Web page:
Visa to Europe: The Convertible Currency of Human Rights in Ukraine

Dimitrina Petrova 30th October 2015

For almost two years the world has watched as the West and Russia have battled over competing visions for Ukraine’s future which have left the country divided. Reports continue to tell of deteriorating conditions in the pro-Russian separatists’ controlled regions in the east. In June, the UN estimated the death toll at 6,400. Evidence of human rights abuses including executions, human trafficking, illegal detentions, and forced labour, have been well documented. Everyday activities have become near impossible in areas under attack, often left without electricity and proper infrastructure for months on end.  

One topic that has been left largely unexplored is what life has become like for those who were already on the periphery of Ukrainian society before the war – those who were and continue to be discriminated against because of who they are – whether they have a ‘different’ sexual identity, ethnicity, religion, disability, speak a minority language, or live in an orphanage.

In August the Equal Rights Trust released its latest country report In the Crosscurrents: Addressing Discrimination and Inequality in Ukraine which, for the first time, provides a comprehensive account of discrimination and inequality experienced by the most vulnerable groups in the country. The report is based on research carried out throughout Ukraine in partnership with the Ukrainian lesbian gay bisexual and transgender (LGBT) rights organisation Nash Mir.

In the Crosscurrents finds that Ukraine’s alliance with Europe has meant it has adopted legal and policy standards which could lead to radical improvements in protection from discrimination if implemented effectively. Ukraine’s Law “On Principles of Prevention and Combating Discrimination” is in line with international best practice. But at the same time, a perception of European intrusion has fostered opposition at many levels, in both Ukrainian and pro-Russian domains, propelling the politicisation of human rights issues to an extreme.

For example, since the crisis, Russian propaganda has been trying to discredit Ukraine’s pro-European stance suggesting that the country’s historic and cultural roots are threatened by aligning with Europe and its support of LGBT rights. Consequently, discrimination against the LGBT community has augmented throughout the crisis, particularly in Crimea and separatist-held territories where there has been an increase in homophobic attacks, and where authorities have openly expressed homophobic views.  Adding fuel to the fire, Ukrainian authorities have refused to speak out for LGBT persons in an attempt to remain popular among its ‘traditional’ voting base.

Overall, support for LGBT rights has been degraded to a price that has to be paid for European integration. “We’d rather have a gay pride in the streets of Kyiv than Russian tanks”, a Ukrainian politician pronounced at the peak of the conflict.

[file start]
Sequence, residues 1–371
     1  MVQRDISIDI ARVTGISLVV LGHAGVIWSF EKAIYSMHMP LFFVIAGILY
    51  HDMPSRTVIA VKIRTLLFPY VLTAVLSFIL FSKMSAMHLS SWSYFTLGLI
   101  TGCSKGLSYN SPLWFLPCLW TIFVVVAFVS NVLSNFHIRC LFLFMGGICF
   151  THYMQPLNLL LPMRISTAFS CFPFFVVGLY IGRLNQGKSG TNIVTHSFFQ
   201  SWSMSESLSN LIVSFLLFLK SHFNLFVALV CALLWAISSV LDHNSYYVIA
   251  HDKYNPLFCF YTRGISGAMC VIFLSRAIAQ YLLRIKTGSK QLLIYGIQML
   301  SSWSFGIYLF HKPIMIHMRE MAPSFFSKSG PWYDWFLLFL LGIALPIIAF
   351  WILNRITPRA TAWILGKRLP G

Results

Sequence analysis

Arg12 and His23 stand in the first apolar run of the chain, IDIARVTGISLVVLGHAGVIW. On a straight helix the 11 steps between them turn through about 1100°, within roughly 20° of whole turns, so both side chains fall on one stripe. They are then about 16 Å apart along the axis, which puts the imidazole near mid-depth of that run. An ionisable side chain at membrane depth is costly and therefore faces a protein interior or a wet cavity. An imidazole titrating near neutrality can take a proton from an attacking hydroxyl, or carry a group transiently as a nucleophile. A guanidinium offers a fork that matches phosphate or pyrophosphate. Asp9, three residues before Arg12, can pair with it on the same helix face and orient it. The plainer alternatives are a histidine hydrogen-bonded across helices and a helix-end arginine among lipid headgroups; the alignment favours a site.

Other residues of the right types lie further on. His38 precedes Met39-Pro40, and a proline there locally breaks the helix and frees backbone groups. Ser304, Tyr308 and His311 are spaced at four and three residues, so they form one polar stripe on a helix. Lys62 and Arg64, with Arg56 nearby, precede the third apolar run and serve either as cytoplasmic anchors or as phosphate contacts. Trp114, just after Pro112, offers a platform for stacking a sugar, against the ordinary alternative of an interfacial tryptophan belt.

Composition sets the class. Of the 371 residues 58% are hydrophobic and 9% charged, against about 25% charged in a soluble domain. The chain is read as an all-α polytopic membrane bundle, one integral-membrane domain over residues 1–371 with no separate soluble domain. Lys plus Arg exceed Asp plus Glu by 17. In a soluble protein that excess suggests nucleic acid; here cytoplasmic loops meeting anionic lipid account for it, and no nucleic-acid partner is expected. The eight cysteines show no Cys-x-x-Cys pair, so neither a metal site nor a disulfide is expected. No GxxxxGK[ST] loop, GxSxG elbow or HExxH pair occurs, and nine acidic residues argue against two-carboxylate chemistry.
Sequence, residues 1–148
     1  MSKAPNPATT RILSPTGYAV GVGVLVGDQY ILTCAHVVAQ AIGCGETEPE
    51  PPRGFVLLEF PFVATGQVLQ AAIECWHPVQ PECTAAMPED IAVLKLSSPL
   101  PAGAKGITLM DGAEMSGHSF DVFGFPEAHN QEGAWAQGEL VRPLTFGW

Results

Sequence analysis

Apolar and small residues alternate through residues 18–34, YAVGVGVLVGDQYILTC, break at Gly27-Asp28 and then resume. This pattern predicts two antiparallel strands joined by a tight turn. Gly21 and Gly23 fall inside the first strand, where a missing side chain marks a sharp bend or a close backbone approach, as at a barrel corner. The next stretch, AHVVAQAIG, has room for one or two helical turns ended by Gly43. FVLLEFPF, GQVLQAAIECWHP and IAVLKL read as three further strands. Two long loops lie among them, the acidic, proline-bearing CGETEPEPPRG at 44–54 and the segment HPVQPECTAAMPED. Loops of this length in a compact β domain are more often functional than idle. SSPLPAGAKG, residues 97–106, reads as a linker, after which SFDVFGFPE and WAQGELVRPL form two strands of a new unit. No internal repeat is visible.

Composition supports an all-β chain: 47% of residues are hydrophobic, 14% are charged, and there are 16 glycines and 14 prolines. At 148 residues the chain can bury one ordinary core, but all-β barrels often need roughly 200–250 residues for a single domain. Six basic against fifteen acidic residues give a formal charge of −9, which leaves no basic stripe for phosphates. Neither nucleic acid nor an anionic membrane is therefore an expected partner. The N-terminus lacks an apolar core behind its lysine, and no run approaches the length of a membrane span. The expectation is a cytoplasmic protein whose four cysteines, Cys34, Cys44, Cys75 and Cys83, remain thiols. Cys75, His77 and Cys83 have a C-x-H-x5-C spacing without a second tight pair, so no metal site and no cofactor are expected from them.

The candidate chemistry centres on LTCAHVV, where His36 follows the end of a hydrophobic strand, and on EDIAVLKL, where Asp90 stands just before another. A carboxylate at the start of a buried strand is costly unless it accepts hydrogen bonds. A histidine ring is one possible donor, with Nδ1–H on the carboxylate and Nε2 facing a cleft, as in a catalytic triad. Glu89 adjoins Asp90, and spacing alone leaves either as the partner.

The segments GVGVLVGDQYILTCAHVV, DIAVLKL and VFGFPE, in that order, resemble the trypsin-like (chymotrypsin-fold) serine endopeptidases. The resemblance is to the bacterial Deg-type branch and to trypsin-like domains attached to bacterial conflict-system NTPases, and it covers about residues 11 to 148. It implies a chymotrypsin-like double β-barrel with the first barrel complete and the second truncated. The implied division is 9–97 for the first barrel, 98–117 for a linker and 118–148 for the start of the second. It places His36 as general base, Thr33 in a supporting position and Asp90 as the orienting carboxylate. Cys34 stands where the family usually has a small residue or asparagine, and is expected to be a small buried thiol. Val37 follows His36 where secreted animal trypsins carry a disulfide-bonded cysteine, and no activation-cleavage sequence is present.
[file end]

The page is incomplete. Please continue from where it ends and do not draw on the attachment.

The annexation of Crimea and the war in the east have also created an entirely new pattern of discrimination against internally displaced persons fleeing the affected zones. Suspected of being sympathetic to Russia, they have already faced discrimination in securing jobs and homes.

Disturbingly, the report confirms that there continue to be a very high number of Ukrainian children – almost one in 100 – living in institutions where they are frequently exposed to appalling violence and deprived of their basic human rights. In this regard, Ukraine is firmly aligned with Russia and not with Europe, as Russia has notoriously bad record of ill-treatment of institutionalised children.

Of all the risks which threaten stability and democracy in Ukraine, we found the greatest is posed by identity politics. The conflict itself has politicised pre-existing ethnic, linguistic and religious divisions and a new anti-Russian bias has emerged. To take language for example, in Kyiv in particular, a division has begun to emerge based on whether a person prefers to speak Russian over Ukrainian.

If the government wants to secure the country’s choice in favour of a European type of polity, it should not regard human rights as currency with which to pay for visa liberalisation and further European integration. It should genuinely guarantee equal rights for all, regardless of a person’s ethnic, linguistic, religious or sexual identities. Further, if it allows equal rights to be overrun by identity politics, and in particular if the ingrained Russian dimension of the Ukrainian nation is antagonised rather than embraced and celebrated, the Kyiv government will be handing in the victory to Mr Putin. And no amount of support from the West will be enough to change this.

Author profile

Dr Dimitrina Petrova is the founding Executive Director of the Equal Rights Trust.

Citations

Dimitrina Petrova, ‘Visa to Europe: The Convertible Currency of Human Rights in Ukraine’ (OxHRH Blog, 30 October 2015) <http://ohrh.law.ox.ac.uk/visa-to-europe-the-convertible-currency-of-human-rights-in-ukraine/> [Date of Access].

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